15th December 2018
Having an investment strategy is key when planning how to make your money work hard for you. Making the right decisions about where you invest can protect you from market dips but also prevent you from making large capital gains. This is where creating a diverse investment portfolio comes in to play. When considering portfolio diversification you should consider the current state of your assets and your tolerance of risk.
Whilst portfolio diversification does not offer sure-fire protection of your money, it can maintain the control you have of your capital over time. Every investment you make has a level of risk and diversifying your portfolio will help you increase the stability of your investments and decrease your risk of losing money in the event that a single area decreases in value.
They say don’t put all your eggs in one basket and this can be applied to investing. Spreading your money across different investment opportunities is key as each will have a different level of risk and profitability. Having and maintaining capital in as many different areas as possible will help create a stable portfolio that has a higher chance of increasing in value over time.
|Asset Class||Investment example|
|Cash||Savings, current account balances, Cash ISAs, savings or premium bonds|
|Bonds||Government bonds, overseas bonds, corporate bonds|
|Shares||Shares can be held directly or through an investment fund|
|Property||Residential, commercial, buy-to-let or property companies|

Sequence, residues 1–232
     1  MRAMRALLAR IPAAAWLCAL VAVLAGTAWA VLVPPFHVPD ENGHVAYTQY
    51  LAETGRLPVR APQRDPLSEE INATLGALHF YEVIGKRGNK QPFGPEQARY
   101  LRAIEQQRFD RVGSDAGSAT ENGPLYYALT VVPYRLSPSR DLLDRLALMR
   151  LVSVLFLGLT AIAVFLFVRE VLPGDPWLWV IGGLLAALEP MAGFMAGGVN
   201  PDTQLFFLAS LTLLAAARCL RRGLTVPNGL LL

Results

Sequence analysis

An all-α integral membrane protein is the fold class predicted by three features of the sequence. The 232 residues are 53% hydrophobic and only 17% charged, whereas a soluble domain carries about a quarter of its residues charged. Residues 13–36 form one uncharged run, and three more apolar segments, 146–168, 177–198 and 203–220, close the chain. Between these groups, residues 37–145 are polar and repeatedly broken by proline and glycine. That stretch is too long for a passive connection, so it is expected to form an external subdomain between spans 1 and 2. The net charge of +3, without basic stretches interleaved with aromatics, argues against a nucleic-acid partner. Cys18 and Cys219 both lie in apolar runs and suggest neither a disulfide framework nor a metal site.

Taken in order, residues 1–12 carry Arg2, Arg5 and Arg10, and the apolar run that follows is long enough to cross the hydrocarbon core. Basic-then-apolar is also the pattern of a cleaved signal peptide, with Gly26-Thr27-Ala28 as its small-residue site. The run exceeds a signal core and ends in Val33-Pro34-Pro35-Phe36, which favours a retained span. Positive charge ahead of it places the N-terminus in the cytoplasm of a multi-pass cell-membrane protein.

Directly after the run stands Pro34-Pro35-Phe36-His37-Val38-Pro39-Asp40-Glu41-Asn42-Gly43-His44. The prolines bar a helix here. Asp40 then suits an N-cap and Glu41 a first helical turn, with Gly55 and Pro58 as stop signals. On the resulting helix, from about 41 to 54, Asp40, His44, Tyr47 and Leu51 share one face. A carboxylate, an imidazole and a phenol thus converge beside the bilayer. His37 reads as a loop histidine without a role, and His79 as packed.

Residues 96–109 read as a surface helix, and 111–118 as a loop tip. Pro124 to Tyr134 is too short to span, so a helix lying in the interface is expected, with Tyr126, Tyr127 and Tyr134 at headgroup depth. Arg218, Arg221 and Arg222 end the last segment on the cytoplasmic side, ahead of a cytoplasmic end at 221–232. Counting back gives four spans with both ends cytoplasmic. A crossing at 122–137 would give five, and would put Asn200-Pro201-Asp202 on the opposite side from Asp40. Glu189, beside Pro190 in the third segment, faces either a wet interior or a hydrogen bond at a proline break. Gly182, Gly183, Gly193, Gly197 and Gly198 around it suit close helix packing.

|Alternative investment||Art, antiques, wine, gold, jewellery|
As an investor, you will have a unique personal risk profile. When designing and diversifying a portfolio the level of risk you are willing to tolerate can be the focus. This means that all future investments can be tailored specifically to suit you.
Many new investors are fixed on generating large returns and often are under the illusion that one great investment will change their financial destiny. However, seasoned investors know that the greatest success will come from concentrated risk and portfolio analysis over time.
As portfolios mature, taking a look at the performance of your investments will help you make decisions for the future. You may also find that your investment goals or tolerance for risk have changed, meaning you may need to alter some of your investments. For example, some investors change tack if they have a new family or are approaching retirement.
Furthermore, as time goes on, you may cast your eye over a new asset class that appeals to you. Many investors who considered themselves traditionalists are now involved in peer-to-peer lending and cryptocurrency as the alternative investment world encourages investors to expand their portfolios.
Some investors feel particularly strongly about a specific asset class; some will favour investing in property solely whereas others will favour stocks and shares. For some investors, this works. However, you might want to consider diversifying your portfolio if:
Investors looking to achieve long-term goals will need to create their own ideal equilibrium between risk and reward – choosing the best investments for you and your level of risk, as well as rebalancing and analysing how your choices are performing well.